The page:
Spare Mike Reed the hype of late-night infomercials that portend profit for investors who can buy real estate, automobiles and other property from the government for "pennies on the dollar."

Reed, tax division director of the Salt Lake County auditor's office, has staged tax sales each May for the past 17 years. Contrary to glitzy sales pitches or seminars and books intended to turn middle-class Americans into real estate tycoons overnight, Reed says government sales are the last place to find a true bargain."I wouldn't find tax sales to be what the seminars portray them to be. I don't think there's anyone I've seen who turns a large profit year in and year out by buying and selling tax sales," Reed said in a recent interview.

The county sells only properties for which no property taxes have been paid for the past five years. In some cases, strips or chunks of larger parcels are sold, which frees some property owners from delinquency but also from a piece of their property.

Some buyers sell the small strips of land back to the original owner at a profit, but it's usually no great sum of money, Reed said.

Simply put, from the government's perspective, it would be foolish to sell something for nothing because ultimately the loss is absorbed by all taxpayers. "The county's real desire is to have that property owner pay the tax. That's it," Reed said. "Our goal is to make sure they (tax lien buyers) get the least possible for their money."

And often times what people acquire in addition to small parcels of property are major legal headaches.

Just because they buy land at a tax sale doesn't mean the real estate has a clear title. Liens may be exercised after a tax sale and the Internal Revenue Service can void a sale six months after the fact.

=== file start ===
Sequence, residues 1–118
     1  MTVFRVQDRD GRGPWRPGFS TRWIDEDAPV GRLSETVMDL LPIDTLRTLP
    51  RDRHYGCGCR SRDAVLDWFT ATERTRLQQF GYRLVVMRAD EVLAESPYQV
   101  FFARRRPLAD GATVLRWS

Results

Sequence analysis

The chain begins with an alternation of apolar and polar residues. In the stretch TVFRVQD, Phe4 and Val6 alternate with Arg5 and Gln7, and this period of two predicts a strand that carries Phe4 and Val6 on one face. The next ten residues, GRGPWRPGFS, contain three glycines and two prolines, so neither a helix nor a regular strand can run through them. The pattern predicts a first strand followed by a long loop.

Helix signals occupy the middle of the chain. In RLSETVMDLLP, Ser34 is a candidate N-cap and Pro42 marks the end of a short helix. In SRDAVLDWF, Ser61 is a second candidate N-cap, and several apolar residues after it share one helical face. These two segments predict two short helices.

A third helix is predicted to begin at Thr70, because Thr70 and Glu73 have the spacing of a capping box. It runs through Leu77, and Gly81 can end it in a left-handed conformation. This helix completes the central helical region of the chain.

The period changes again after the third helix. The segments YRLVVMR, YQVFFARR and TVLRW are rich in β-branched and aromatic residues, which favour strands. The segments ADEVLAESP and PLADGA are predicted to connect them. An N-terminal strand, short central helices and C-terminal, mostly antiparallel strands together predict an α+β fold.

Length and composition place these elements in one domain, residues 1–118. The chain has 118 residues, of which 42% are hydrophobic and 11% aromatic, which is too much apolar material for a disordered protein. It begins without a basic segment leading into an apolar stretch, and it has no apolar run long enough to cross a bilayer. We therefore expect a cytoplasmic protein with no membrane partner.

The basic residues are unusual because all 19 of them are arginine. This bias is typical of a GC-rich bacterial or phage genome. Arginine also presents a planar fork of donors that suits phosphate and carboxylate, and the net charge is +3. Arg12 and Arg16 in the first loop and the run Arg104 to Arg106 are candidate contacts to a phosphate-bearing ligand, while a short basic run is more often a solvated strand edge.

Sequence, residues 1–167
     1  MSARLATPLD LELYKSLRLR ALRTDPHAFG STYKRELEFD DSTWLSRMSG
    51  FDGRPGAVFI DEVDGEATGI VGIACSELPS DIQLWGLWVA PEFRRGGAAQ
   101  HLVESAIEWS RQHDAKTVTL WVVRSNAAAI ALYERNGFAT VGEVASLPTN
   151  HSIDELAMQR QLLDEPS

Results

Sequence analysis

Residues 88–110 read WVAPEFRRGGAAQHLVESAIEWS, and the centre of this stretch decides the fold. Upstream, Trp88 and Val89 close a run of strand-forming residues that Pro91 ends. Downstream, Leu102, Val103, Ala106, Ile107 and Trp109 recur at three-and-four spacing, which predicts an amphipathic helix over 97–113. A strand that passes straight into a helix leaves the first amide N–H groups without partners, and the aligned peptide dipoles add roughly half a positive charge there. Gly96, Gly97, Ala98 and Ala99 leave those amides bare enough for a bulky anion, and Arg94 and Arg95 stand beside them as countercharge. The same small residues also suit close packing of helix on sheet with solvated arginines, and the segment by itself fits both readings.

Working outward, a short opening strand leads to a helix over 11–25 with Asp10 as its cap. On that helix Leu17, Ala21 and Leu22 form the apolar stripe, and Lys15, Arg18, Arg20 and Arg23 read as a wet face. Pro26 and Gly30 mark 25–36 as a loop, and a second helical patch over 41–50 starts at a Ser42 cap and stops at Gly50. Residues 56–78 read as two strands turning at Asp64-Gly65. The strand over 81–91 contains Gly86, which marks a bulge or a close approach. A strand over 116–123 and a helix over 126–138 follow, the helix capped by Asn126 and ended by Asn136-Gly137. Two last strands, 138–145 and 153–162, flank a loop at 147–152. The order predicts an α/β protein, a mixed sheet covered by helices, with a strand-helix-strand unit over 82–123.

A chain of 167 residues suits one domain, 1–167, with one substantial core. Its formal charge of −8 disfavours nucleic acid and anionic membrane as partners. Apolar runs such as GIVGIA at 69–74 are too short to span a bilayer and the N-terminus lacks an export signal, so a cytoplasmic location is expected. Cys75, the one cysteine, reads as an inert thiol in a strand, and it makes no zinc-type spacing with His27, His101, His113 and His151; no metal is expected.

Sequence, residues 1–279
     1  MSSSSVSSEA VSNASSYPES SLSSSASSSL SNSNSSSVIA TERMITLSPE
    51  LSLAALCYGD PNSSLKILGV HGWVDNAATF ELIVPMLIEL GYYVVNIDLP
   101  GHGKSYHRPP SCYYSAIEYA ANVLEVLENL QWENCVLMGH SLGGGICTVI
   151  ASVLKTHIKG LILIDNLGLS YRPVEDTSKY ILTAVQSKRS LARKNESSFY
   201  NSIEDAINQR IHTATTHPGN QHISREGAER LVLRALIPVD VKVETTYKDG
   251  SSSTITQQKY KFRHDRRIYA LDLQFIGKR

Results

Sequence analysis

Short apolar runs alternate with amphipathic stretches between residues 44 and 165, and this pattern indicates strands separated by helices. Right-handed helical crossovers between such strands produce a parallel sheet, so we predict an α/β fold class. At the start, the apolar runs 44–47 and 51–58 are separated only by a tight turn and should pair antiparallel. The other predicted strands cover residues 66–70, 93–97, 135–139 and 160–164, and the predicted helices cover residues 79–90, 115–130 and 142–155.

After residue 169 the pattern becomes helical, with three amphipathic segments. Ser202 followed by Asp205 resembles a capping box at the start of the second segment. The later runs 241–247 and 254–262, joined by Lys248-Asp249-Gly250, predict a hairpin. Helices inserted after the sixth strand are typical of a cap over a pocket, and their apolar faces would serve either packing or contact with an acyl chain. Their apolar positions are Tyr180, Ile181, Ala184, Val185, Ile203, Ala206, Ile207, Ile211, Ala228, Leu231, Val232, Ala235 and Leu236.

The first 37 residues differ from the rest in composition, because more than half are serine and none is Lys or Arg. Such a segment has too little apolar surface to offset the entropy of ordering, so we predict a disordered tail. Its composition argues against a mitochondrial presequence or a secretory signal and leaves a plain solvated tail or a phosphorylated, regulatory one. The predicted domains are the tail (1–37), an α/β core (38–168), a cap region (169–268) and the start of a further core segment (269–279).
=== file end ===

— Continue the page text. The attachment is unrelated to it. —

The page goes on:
Meanwhile, the Federal Deposit Insurance Corp. can intervene if it has an interest in the property.

"What's the old adage? `If it's too good to be true, it probably is.' I'd say that applies to tax sales," Reed said.

And so goes buying property seized by the federal government in drug investigations.

"We don't offer any exceptional deals. If they're looking for real good buys and they're trying to get it from me, forget it," said Ted Osborn of the U.S. Marshals Service, which conducts drug forfeiture sales.

In the case of real estate, in some cases the posh homes of drug dealers, the property is listed with real estate agents. The agency usually lists only a handful of homes each year. Ordinarily a potential buyer wouldn't even know the home had been seized in a drug-related arrest unless the real estate agent told them so.

It is in the government's best interest to sell the real estate at market price, Osborn said, because proceeds from the sale are used to defray the cost of housing drug offenders in federal prisons and to purchase cars, radios, firearms and other equipment used in drug enforcement work.

The IRS also auctions a limited number of homes, but spokeswoman Jan Hadley said the numbers are negligible. "It happens so seldomly, I wouldn't list us as a good place to look for a personal residence," Hadley said.

The homes for auction are listed in legal notices in the classified ad section of newspapers on occasion. The term home auction may be misleading. Technically, bidders at IRS auctions are buying homeowner equity, not a house.

IRS officials warn that homes sold at the agency's auction also may carry liens beyond what is owed to the federal tax agency.

In any tax sale, buyers should beware.

"If you go to the tax sale and expect to pick up a house you can fix up to live in, my 17 years of experience say the odds of that happening are negligible that you can end up with anything like that," Reed said.